The fraudsters who rely on the good name of others


These scammers rely on a familiar sounding name to flog their dodgy wares.

"Is that Mr Levene?," says a voice on a noisy line. , "Yes," I respond, but before I have a chance to ask who it is, she tells me she is "Leila from PWC."

There is a PWC I know – PricewaterhouseCoopers – which is one of the biggest accountancy firms in the world. It's part of the top four globally. And as a financial journalist, I have spoken to this firm a number of times, about things like taxation and international management.

I was not, however, expecting a call. And even if I was, this did not make sense. I don't know a Leila there, nor is it likely that PWC will be cold-calling. Legitimate accountants don't phone out of the blue – in any case, PWC is hardly interested in me and I can't afford their City-style fees anyway. It definitely won't be pitching for my next self-assessment form.

So it wasn't the real PWC but some other organisation with the same initials – although I don't know any.

Who, what, where, why?
At this stage of a call from someone unknown, I would normally ask a series of who, what, why and how did you get my details questions. I can't as Leila launches into a number of probes of her own.

She wants to know how my investments are doing, if my ISAs are succesful, and whether I am "satisfied with my portfolio".

These questions are normal for cold-callers offering all sorts of catchpenny investments – if answered properly (I just mumble OK) they give the phone person lots of information such as my attitude to risk, what sort of assets I already own and how much I might be worth. All clues as to how much they might get out of me. After all, there is no point wasting time on someone who has no money.

But while she goes through this routine – they need to take control of the conversation – I keep thinking of what PWC this might be. Finally, as she stops to take breath, I manage to ask who or what is PWC.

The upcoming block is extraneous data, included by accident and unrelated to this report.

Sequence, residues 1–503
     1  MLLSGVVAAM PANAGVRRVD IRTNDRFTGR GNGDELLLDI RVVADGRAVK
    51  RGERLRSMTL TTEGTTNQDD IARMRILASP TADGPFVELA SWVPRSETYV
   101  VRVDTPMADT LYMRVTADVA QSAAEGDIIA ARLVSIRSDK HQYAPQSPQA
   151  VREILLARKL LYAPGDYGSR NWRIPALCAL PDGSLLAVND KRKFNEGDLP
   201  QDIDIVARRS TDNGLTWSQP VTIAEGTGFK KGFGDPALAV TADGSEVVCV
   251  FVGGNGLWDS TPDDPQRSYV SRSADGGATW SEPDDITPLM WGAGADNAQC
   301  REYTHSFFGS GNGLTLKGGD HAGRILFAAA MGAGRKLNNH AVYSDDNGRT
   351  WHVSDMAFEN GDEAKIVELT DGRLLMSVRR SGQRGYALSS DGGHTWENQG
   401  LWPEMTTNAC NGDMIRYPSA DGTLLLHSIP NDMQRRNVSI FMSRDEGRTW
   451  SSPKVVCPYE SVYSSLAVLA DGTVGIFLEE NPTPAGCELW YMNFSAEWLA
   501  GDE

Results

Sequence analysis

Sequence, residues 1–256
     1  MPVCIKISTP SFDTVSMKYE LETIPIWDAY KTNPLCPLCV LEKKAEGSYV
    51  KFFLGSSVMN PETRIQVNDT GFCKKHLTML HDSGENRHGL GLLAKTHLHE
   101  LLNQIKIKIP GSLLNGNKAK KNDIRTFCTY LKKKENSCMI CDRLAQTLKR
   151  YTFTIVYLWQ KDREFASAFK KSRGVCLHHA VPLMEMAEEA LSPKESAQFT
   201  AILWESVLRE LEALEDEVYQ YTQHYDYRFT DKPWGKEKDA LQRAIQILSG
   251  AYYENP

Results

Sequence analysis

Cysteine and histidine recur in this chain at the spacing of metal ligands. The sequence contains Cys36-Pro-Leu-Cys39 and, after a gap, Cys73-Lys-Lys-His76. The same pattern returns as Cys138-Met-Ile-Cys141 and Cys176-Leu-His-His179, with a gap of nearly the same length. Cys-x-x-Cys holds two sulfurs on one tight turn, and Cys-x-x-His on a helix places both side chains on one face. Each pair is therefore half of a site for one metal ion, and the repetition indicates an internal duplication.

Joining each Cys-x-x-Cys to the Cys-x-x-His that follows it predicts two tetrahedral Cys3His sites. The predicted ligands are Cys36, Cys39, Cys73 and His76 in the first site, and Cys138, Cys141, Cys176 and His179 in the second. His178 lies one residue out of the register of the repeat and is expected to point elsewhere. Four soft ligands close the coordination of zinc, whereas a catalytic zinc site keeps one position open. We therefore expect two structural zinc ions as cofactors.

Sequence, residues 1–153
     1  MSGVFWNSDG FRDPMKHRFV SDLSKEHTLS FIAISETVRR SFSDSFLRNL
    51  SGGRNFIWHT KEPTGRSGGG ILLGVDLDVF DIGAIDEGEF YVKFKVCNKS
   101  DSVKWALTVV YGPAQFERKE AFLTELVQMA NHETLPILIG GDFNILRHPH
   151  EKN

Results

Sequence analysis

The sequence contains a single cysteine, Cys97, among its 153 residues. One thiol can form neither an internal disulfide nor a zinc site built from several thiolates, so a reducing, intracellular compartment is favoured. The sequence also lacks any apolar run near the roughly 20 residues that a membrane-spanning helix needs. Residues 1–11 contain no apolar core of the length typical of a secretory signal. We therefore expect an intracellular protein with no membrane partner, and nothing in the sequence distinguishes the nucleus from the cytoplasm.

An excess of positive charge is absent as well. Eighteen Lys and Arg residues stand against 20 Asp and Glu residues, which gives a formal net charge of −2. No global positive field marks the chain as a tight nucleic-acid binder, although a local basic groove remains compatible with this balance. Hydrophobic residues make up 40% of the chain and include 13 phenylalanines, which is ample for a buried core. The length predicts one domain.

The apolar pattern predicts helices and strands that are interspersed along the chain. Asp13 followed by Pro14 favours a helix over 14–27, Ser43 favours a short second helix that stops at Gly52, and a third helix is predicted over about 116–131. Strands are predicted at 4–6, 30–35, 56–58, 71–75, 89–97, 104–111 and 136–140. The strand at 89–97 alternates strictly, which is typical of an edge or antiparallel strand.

Who is this PWC?
Now it was her turn to mumble. I'm still not sure exactly what PWC stands for but it seems that the W is for wine. And – I am sure this is not right because I can't find it – the P stood for Parisian and the C for collection. So it sounded like Parisian Wine Collection or Consortium or Council but it wasn't as firms of those names do not exist anywhere.

Leila claimed that I should know all about it as I had been sent a brochure already. Not true. Investment cold callers have literature and websites but they never post anything the first time around – that means they have an excuse to call again to see if it has arrived.

So I am being sold wine by a firm that comes across with the name of a world-class accountancy firm, which, of course, has no idea that its identity has been appropriated.

Here come the lies
She then launches into a whole series of questions including "Did you know you can invest in wine and make a fortune?" and "Are you liquid (no pun intended!) for £10,000" before giving me a course on wine. I was told all about how wines are classified – this was basic, but fine as far as it went – and how much wines had risen over the past five years.

This latter point, assuming it was true, hardly means the price will continue to rise. If anything, any asset that has increased in price for so many years is likely to fall.

Now, as regular readers know, I have heard this all before – many times. And right on cue, Leila tells me about the "massive demand in China" as newly rich Chinese spend very high sums on top wines to impress their friends and colleagues.

The fact is that this is not true. The Chinese pulled out of the Bordeaux fine wine market in 2011 with some bottles falling 40% from one sale to the next. The Chinese economy went into slowdown (at least by previous growth standards) and the Chinese themselves discovered that they did not need to spend silly amounts on overvalued wines.

Leila droned on, reading from a script. But it was only when she got to the bit about the Chinese diluting their £1,000 bottle of wine with Coca-Cola – all my wine cold-callers include that to prove that they have so much money they can always afford more - that I am afraid I got a fit of laughter.

This is nonsense. It insults the Chinese. It's almost certainly an urban legend. But even if someone in China did pour a can of Coke into a bottle of red wine, then the wine was a £5 bottle and this was some sort of joke. The Chinese are not stupid.

Oh dear. Leila took umbrage at my laughing. "What's funny?" she asked. "You and this call," I replied with more honesty than I had previously shown.

And then Leila put the phone down on me.

Revealed: The 10 most common scams

Revealed: The 10 most common scams

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